NEW YORK (CNNfn) - For Mercury Finance, Friday struck like a chain reaction pile-up on the freeway as investors sent the auto financing company's shares spiraling downward.
On Wednesday, the company said it had discovered "accounting irregularities" which may have led to its earnings being overstated $90 million over four years.
And Friday, Mercury's troubles worsened when it said it would be unable to pay $17 million in commercial debt due the same day, causing its shares to plummet.
The stock lost 12-3/4 to 2-1/8 on the New York Stock Exchange on volume of 41 million shares -- the highest daily volume on the exchange since 1988 -- after it opened for trading Friday afternoon for the first time since Tuesday when the stock closed at 14-7/8. It fell as low as 1-7/16 but rebounded slightly.
The Illinois-based company said accurate reporting of its results would cut its 1996 earnings by more than 50 percent -- from $120.7 million to $56.7 million.
Mercury is blaming is woes on controller James Doyle, who the company said has disappeared. However, a Chicago law firm representing Doyle said he is in the custody of federal authorities because he could "no longer participate in the charade taking place at Mercury Finance."
The fallout was almost immediate. Bank Boston announced Wednesday it was canceling a $460 million deal to sell Mercury its Fidelity Acceptance subsidiary. Earlier, the two had agreed on a deal that would have given the bank 32.7 million of the auto finance company's shares.
Also, some shareholders have already filed a lawsuit. Vincent Cappucci, an attorney at Berger & Grossman, said he will attempt to recover all the money lost by investors. (178K WAV) or (178K AIFF)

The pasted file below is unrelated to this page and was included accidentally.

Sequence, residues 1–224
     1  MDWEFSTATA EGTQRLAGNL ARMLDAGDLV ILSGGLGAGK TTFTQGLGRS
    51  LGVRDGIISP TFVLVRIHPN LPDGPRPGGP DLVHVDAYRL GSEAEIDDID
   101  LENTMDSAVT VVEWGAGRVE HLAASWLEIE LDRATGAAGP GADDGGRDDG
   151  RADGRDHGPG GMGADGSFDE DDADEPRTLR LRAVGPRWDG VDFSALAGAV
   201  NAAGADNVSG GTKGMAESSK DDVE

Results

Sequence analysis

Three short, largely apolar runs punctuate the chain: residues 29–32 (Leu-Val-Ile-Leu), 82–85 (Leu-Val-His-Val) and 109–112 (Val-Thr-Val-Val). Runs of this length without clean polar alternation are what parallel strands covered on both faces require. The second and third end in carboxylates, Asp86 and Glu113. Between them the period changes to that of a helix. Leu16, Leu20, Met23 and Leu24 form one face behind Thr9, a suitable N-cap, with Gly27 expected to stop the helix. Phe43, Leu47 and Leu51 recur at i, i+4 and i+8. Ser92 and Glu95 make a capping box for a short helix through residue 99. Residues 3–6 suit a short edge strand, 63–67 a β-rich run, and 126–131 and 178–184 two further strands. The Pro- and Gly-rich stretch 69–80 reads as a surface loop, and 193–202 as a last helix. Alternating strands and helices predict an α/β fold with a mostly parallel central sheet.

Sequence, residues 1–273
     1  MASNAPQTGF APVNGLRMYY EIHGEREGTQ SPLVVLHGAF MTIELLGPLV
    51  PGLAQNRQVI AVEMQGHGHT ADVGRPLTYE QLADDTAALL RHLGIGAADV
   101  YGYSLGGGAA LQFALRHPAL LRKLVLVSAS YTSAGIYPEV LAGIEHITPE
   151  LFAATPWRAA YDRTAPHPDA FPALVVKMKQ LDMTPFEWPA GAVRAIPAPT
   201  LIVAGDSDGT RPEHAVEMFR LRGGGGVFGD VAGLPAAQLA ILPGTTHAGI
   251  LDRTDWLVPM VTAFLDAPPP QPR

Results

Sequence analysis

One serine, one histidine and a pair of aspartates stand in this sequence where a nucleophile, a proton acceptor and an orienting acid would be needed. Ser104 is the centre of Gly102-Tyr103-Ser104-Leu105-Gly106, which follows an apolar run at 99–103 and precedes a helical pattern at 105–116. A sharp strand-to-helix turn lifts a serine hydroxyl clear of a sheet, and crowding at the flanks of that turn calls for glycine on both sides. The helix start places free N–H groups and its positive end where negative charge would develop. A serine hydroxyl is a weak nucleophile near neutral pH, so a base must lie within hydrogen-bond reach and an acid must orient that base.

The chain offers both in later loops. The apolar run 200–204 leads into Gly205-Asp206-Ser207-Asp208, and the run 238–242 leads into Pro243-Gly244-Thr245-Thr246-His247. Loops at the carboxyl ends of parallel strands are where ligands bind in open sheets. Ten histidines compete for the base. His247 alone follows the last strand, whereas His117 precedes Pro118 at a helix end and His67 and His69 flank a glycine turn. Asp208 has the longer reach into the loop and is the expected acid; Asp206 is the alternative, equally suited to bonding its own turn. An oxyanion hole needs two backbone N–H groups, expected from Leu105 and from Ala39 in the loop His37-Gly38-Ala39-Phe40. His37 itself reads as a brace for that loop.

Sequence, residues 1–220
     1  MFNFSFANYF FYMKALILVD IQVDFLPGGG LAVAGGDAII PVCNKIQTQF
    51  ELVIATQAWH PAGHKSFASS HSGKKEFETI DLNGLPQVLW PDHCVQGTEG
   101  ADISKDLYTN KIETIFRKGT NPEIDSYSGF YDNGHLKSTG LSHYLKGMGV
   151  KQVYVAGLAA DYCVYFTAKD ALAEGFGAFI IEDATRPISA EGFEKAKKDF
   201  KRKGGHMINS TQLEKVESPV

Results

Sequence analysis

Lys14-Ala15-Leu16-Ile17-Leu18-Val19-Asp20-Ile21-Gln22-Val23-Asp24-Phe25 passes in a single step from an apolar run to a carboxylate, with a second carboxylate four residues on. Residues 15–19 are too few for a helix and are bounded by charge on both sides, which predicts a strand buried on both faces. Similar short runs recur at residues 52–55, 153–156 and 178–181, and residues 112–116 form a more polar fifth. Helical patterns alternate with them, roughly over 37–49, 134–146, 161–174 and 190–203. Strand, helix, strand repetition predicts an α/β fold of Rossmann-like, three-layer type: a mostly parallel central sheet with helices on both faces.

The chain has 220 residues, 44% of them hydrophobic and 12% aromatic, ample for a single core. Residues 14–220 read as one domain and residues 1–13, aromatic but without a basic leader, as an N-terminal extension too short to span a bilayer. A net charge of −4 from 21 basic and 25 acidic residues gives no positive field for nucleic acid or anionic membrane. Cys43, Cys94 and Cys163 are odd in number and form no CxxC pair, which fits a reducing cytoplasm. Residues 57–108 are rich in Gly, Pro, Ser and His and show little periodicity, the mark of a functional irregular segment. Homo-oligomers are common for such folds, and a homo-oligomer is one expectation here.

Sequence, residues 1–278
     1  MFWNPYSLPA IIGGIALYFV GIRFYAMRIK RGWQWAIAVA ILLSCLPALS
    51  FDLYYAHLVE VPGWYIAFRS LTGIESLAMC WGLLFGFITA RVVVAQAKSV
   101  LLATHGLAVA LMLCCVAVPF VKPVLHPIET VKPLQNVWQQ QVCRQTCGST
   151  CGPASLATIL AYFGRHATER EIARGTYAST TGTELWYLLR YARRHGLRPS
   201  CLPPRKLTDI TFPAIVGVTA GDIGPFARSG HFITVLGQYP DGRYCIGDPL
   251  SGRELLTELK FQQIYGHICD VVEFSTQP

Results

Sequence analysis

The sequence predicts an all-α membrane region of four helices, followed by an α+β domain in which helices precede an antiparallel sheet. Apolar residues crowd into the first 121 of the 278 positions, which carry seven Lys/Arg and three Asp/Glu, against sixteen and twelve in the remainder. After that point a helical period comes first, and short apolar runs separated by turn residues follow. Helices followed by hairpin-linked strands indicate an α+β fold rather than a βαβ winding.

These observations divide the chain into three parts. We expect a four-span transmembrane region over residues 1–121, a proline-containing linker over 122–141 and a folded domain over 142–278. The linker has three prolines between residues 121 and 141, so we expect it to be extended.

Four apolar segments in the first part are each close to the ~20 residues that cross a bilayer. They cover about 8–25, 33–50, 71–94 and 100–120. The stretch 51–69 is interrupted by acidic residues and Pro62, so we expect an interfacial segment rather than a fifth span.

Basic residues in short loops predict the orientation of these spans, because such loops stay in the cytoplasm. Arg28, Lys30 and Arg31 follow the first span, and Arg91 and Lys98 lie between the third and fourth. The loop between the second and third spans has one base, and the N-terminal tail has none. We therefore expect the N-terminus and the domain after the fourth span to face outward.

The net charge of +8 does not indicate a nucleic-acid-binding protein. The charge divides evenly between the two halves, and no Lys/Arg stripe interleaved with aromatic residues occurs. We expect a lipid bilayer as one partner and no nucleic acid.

Perhaps the biggest shock will come to investors. Based on the more than 172 million shares outstanding as of early November, the stock's spiral would mean a loss of more than $2.2 billion in market capitalization for the company and a drop in market value of 85 percent.
"The one thing we can be confident of is that the books are cooked, " said John Coffee, Professor of Law at Columbia University. "We don't need to know who cooked the books to know that there is deep trouble for this company ... Bankruptcy reorganization looms and that the creditors are going to start looking for deep pockets to sue."
Credit agencies also calculated the company is in critical condition, downgrading its commercial paper to a default rating.
"It was a liquidity issue and it hasn't been solved. If they get a clean bill of health from the auditors, that will change things," said Richard Schmidt of the Consumer Finance Group of Standard & Poor's. "But the fact is they have defaulted on their commercial paper."
There were also reports Friday that the lawyer for the company's senior financial officer was in Washington, D.C. talking to federal authorities about alleged misdeeds regarding the company's books.
Now the company faces a class-action federal racketeering lawsuit in Louisiana accusing mercury of overcharging customers for used cars and used car loans.